"At the request of David L. Sheffrey, Secretary of Midwest Bolt Supply Company, we wish to advise you that we have this day mailed in to the Home Office of the General American Life Insurance Company the originals of the enclosed forms of Assignment, and that the Company upon receipt of the Assignments will record and place them on file and will return to Midwest Bolt Supply Company a registered copy."
Before the delivery of the above letter, a dispute had arisen as to the form of the assignments of these new policies by Midwest to plaintiff Winger. Cochran refused to approve the modification of the assignment forms as requested by Sheffrey. Cochran then called defendant's home office in St. Louis from Sheffrey's office in in Kansas City and the home office approved the modification of the forms of assignments as requested by Sheffrey.
On November 29, 1957, the insured committed suicide at the Menorah Hospital in Kansas City by hanging himself with a rope. By a letter dated December 16, 1957, plaintiff forwarded to defendant Proofs of Death and the two policies delivered by Cochran to Sheffrey on November 27, and made claim to the amount of the two "reissued" policies. The Proofs of Death, executed by plaintiff Winger, as assignee, and by Sheffrey for Midwest, as owner-beneficiary, incorporated statements of Drs. Forman and Shifrin. Dr. Forman's statement shows that his first attendance of Mr. Rose, in his last illness, was on October 23, 1957. Dr. Shifrin's statement shows that his first attendance of Mr. Rose, in his last illness, was on November 23, 1957, and that the condition directly leading to death was "anxiety state with depression." In answering Question 5 of the Proofs of Death, which called for information about the hospitals where the deceased had been treated during the five years prior to his death, plaintiff stated: "Claimant cannot supply this information completely or accurately except through the records of the physicians and the hospital, all of which claimant is advised have been furnished you."
Attached to the Proofs of Death was a memo referred to under Question 4 which had asked when deceased first complained of or gave indication of last illness. The answer was: "The negotiations by Mr. Rose for the purchase of the stock of Midwest Bolt Supply Company covered a period of several months and at times were quite trying and irksome, and from approximately the middle of October Mr. Rose showed signs of strain and nervousness. When the deal was finally closed on the last day of October and Mr. Rose was ready to take over, he seemed to have a sort of let-down. He went to the Company office from November 1st to noon November 12th and from then on stayed away from the office, spending most of his time at home until November 23rd when he went to Menorah Medical Center, Kansas City, Missouri. On November 28th he left the hospital and visited his family at their home for a few hours during the afternoon and then returned to the hospital. On that occasion he spoke of doing away with himself, but his family did not take him seriously to that end, but rather considered his remarks as an expression of disappointment or disgust with himself. On Friday morning November 29, 1957, an officer of Midwest Bolt Supply discussed a business matter with Mr. Rose over the telephone, and although he seemed depressed, he seemed quite rational and intelligent in his discussion."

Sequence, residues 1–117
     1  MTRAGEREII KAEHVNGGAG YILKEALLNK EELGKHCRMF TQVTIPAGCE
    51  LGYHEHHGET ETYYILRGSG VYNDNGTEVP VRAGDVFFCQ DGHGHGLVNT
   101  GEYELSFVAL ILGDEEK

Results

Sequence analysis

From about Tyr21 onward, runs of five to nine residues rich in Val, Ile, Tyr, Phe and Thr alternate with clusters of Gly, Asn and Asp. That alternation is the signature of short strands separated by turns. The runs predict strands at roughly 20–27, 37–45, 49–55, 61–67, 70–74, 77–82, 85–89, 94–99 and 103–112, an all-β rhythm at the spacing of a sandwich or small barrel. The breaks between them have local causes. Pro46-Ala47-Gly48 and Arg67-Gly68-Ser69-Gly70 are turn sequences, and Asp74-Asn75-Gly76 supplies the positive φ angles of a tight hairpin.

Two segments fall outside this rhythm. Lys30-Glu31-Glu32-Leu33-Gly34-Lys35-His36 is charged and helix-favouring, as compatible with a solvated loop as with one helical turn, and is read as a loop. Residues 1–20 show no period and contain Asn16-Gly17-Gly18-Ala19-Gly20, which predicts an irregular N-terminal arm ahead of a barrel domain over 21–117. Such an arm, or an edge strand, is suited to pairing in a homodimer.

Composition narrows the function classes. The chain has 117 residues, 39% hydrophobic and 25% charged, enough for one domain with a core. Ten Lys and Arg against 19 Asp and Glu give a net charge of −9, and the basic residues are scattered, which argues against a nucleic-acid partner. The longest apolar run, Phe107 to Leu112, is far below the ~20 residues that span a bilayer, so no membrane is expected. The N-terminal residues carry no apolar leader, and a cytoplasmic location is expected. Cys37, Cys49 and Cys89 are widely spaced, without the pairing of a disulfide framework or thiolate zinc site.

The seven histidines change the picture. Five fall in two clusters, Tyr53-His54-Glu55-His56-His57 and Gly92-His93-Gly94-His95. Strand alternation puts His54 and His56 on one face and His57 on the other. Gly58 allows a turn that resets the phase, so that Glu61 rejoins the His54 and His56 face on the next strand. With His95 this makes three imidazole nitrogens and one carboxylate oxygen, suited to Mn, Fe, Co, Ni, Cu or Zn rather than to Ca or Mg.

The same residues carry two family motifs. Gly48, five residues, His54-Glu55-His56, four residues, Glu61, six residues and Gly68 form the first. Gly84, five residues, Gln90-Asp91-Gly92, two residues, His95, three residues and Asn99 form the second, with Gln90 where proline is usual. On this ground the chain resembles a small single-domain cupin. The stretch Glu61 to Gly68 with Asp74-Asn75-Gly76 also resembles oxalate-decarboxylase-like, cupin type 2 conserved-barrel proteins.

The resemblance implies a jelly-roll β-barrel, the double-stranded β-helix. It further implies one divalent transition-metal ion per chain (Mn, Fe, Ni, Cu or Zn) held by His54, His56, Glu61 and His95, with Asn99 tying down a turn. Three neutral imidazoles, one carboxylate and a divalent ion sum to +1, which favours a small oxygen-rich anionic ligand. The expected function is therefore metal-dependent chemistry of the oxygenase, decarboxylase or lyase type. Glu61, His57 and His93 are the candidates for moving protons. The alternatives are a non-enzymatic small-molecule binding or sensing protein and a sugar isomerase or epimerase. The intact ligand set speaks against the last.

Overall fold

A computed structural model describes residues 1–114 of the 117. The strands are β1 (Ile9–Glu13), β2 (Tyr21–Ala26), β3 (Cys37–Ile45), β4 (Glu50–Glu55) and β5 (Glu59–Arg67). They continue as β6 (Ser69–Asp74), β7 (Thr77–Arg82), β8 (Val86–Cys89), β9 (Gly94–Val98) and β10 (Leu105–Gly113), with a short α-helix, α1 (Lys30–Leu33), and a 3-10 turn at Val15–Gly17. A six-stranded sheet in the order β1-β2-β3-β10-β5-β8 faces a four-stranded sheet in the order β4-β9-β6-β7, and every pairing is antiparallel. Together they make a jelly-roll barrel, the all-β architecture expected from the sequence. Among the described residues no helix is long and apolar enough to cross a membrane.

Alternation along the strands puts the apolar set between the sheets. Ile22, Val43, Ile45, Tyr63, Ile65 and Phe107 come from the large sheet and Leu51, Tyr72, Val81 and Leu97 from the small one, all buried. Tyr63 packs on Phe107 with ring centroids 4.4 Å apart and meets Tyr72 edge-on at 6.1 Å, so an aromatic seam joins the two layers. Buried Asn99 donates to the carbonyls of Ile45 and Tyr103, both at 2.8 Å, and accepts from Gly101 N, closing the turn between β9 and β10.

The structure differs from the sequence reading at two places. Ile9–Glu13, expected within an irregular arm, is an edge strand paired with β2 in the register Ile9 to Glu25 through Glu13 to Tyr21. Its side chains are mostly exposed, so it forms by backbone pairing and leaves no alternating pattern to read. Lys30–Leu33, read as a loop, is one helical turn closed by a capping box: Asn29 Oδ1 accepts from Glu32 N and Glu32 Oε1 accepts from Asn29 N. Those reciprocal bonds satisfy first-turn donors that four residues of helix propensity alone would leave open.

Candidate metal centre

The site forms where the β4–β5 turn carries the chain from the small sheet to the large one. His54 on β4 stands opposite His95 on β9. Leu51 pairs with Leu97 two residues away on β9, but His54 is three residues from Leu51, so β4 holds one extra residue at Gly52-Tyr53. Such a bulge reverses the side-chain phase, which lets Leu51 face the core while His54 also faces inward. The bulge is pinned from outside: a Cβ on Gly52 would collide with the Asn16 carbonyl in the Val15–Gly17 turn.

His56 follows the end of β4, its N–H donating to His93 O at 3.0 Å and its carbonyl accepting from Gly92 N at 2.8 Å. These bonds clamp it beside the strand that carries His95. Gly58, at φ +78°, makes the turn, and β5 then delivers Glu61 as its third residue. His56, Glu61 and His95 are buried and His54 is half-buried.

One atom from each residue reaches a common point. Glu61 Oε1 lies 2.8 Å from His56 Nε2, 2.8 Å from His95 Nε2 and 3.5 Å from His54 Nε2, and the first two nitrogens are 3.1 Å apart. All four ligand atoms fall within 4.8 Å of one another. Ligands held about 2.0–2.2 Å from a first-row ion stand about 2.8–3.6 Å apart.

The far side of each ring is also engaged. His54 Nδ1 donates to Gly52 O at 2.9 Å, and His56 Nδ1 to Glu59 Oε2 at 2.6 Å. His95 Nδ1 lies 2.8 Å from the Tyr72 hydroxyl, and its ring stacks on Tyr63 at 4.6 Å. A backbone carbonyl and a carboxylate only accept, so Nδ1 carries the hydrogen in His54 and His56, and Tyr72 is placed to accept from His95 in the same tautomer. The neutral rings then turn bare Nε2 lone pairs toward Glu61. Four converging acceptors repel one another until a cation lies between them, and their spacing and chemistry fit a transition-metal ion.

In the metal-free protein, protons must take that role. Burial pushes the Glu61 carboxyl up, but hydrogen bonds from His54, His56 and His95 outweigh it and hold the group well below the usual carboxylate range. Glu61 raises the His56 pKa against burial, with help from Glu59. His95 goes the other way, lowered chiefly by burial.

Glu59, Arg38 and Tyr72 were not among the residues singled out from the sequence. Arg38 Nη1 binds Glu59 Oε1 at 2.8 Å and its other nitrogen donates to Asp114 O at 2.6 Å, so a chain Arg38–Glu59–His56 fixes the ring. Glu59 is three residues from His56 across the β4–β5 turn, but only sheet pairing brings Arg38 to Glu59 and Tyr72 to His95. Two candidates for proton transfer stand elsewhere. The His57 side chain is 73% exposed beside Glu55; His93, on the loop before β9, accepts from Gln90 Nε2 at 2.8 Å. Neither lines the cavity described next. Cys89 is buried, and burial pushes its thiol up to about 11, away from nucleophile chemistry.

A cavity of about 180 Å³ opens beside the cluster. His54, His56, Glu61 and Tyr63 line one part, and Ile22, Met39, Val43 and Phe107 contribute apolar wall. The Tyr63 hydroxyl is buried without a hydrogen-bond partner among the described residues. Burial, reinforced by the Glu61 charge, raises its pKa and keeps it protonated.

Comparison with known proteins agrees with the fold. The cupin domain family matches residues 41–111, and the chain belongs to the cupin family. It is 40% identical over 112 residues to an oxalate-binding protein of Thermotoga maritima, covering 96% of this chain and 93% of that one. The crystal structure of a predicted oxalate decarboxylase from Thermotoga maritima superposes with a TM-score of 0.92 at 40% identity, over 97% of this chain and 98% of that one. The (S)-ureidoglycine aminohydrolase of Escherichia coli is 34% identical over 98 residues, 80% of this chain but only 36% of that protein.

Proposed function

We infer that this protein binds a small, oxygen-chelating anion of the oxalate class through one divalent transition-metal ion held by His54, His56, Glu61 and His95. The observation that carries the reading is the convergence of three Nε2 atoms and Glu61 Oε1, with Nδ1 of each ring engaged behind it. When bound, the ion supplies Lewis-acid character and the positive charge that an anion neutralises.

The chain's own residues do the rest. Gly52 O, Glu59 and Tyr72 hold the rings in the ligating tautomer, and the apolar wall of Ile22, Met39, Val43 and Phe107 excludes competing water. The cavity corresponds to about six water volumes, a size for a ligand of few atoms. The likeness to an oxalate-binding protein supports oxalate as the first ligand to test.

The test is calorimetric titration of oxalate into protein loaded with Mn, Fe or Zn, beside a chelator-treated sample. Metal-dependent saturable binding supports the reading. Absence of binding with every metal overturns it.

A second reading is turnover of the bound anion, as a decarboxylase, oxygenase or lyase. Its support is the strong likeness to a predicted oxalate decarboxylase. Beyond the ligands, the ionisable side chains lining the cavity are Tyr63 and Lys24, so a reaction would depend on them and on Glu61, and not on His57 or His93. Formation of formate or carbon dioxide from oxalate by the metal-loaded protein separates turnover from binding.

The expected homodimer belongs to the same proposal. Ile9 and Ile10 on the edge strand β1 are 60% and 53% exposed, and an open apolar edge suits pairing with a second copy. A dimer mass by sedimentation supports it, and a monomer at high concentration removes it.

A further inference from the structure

In the trial of the cause plaintiff did not offer the records of either of the mentioned physicians in evidence, or any of the records of the mentioned hospital.
By letter dated December 23, 1957, defendant returned to Midwest the check given for the premiums on these policies and declined liability, advising that it considered them void.
While plaintiff did not offer the Menorah Hospital records in evidence they were referred to in plaintiff's Proofs of Death, which were offered by plaintiff, and when defendant offered Exhibits 30, 31 and 32, plaintiff's counsel admitted that they were "exact photostatic copies of part of the records at Menorah Hospital pertaining to the hospitalization and treatment of Mr. Oscar Rose." The existence and correctness of such records being admitted, we may consider them in determining the issues presented.
The testimony of plaintiff's witnesses tended to show that during the period from January to March, 1957, Oscar Rose had twice been a patient at Menorah Hospital, Kansas City, Missouri, because of a state of depression caused by business matters. He was under the care of Dr. Louis Forman, a psychiatrist and specialist in nervous disorders. At the time he first entered the hospital he had become very depressed; he couldn't sleep, couldn't follow up on the daily routine, couldn't think through his problems. He acted like a beaten man. When he entered the hospital everything was removed from him which he might use in hurting himself. His wife was permitted to visit only on certain days. She saw no particular improvement during this period; he was still greatly upset, still did not have clearly a pattern for what he wanted to do next. After a short time, he was temporarily released and came home, in very much the same condition. After about nine days he re-entered the hospital. This time he was given many electroshock treatments. He seemed to get better gradually, and when he was discharged from the hospital in March he "seemed to have regained everything he had lost and more." During the summer of 1957, he seemed to be completely recovered.